Education From on High

Professors Isaac Calvert and Buddy Richards took students to visit the Kirtland, Ohio, area and places of learning and worship at the University of Pittsburgh.
Students at the Kirtland Temple
Top Row: Buddy Richards, Sara Pearce, Hunter Garrett, Annie Lincoln, Joan Halsey, Arianha Groesbeck, Eva Farley, Emma Eversole, Isaac Calvert
Bottom Row: Mrs. Brudno, Lauren Bushnell, Sydney Triggs, Adalaine Sowards, Emily Brudno, Shea Tanner, Melissa Hawkley
Picture courtesy of Sydney Triggs.

It’s not every day you get to meditate with monks, but Sydney Triggs was one of 12 McKay School students, who, along with EdLF professors Isaac Calvert and Buddy Richards, took a trip where they meditated with monks at a Buddhist temple and had other first-hand experiences on how different religions and cultures worship and learn. 

Triggs is a junior in the elementary education program and plans to be a second grade teacher. When Professor Calvert came into her class at the beginning of the semester to pitch the trip to the Pittsburgh, Pennsylvania, and Kirtland area, Triggs had no idea what she was in for. “I honestly wasn’t sure what the trip was about and I didn’t know what to expect.”

To prepare, the students attended a four-week class, taught by Professor Calvert, in which they studied different ways to worship and discovered what makes a temple a temple. Triggs said she enjoyed Calvert’s approach, “His style of teaching is so unique to anyone else’s, which is really awesome. He made us debate on educational topics, which was interesting because that’s how they do it in Jerusalem.” Some students were actively engaged and really enjoyed the debates while others were hesitant, but Triggs found that the class debates sparked her interest and got her more excited for the trip.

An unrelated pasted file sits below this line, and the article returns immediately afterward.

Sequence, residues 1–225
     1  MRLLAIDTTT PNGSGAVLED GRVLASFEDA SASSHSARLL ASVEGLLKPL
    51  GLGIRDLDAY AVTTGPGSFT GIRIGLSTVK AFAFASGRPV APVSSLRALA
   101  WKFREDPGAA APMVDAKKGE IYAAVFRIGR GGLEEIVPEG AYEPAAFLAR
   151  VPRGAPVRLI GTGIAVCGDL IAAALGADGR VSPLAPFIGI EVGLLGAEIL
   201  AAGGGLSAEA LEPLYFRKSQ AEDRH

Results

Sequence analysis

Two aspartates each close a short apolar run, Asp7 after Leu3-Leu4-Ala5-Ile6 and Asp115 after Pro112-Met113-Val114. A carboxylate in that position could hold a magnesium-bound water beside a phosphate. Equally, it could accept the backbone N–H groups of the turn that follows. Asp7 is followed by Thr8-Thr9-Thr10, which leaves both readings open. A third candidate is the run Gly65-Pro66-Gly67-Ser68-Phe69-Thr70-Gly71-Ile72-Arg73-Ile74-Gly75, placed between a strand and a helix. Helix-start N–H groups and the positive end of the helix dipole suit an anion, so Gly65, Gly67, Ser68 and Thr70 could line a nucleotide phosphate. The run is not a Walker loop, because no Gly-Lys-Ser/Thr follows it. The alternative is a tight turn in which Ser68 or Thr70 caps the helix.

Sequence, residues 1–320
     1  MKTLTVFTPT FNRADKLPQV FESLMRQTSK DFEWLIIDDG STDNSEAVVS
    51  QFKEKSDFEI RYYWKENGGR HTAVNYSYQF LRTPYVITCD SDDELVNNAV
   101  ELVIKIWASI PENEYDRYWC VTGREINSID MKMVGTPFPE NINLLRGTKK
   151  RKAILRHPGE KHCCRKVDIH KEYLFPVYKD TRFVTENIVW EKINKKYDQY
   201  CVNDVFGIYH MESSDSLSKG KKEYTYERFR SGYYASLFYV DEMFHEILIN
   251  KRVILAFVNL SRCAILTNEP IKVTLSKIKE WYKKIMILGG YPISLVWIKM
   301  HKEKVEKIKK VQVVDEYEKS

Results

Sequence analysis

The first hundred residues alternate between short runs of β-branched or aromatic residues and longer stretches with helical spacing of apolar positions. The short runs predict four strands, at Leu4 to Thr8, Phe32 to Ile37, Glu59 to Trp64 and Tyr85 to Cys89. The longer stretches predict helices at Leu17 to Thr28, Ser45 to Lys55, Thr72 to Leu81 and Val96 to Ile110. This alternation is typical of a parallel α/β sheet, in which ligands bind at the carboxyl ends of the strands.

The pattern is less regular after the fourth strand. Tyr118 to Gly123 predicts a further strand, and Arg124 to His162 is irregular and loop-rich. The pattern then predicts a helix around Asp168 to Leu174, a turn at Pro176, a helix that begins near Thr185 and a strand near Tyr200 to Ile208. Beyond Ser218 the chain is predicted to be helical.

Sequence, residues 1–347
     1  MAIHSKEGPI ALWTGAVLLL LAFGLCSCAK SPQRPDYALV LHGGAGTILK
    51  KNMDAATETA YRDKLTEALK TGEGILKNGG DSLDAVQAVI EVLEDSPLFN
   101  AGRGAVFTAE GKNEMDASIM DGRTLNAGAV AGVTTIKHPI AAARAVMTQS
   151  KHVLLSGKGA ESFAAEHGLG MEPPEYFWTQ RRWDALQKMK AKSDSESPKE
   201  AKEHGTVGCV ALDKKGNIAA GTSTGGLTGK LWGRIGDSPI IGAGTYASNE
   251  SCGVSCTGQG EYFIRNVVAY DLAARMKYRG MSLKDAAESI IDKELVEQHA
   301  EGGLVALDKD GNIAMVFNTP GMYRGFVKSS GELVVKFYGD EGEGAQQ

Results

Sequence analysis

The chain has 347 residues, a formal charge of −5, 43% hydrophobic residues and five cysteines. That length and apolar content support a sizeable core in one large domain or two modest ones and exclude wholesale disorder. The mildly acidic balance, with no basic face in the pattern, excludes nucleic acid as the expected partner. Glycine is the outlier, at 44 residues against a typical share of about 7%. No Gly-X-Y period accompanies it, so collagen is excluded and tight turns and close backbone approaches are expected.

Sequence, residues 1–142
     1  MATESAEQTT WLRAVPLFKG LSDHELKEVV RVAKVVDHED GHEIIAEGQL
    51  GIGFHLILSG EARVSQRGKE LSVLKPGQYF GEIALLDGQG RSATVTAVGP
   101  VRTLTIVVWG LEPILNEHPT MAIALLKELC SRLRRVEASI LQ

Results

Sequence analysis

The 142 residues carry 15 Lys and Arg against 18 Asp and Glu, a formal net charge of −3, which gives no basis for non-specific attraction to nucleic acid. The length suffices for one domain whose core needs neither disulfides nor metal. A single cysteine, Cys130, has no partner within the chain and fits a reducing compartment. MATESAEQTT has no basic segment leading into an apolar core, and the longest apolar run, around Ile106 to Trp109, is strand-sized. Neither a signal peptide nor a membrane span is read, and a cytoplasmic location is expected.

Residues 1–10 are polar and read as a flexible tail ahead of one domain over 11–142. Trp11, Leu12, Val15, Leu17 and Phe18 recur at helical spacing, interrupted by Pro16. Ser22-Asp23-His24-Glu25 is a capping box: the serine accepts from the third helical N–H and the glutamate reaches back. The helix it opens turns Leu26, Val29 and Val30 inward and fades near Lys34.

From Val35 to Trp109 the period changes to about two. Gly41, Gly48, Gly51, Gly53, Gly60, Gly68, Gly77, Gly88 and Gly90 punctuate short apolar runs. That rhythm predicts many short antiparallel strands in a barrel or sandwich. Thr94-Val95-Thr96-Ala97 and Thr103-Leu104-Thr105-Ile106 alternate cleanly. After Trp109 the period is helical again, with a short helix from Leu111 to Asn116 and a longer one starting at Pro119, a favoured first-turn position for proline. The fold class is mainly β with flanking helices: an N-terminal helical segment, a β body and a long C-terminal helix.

On the trip, the group visited a Buddhist temple, an Orthodox church, a Hindu temple, a mass at a cathedral, and a Jewish synagogue. Leaders of other faiths were impressed that they wanted to be taught about the educational aspect of their religion. Although they loved being taught, learning through application had the biggest impact on the group, “Most beneficial experiences were when they invited us to come learn with them. In the Buddhist temple they talked with us a little bit on how they taught and then they had us sit down and meditate with them. That’s when all of us got it and realized how cool it was,” said Triggs.

Triggs especially enjoyed the Buddhist temple—built in a family’s home, it brought a whole new meaning to ‘our home is a temple.’ She also enjoyed the Jewish synagogue, the Ukrainian Orthodox Christian church, and the church history sites in Kirtland, Ohio. While visiting Kirtland, the group had the opportunity to sing “The Spirit of God” in the Kirtland Temple. Triggs said the group described the experience as ‘surreal’ and one of the highlights of the trip.

For most of the group, going on the trip was an eye-opening experience. They had connected with individuals from other faiths while discovering that they all valued the same thing—just in a different way. “From an education standpoint, I will have the opportunity to influence a lot of lives as an educator, and ultimately if our goal is the same, then we can be successful,” said Triggs.

The trip gave Triggs a new perspective of what she truly values as an educator. “I thought it was cool to see the intention of people wanting to learn. How can I apply that when I become a teacher? Obviously, it will be with second graders, but I want to help them have that same desire or promise themselves to want to come [to school] to learn and become better.”

Writer: Cameron Hussein

Contact: Cynthia Glad 801-422-1922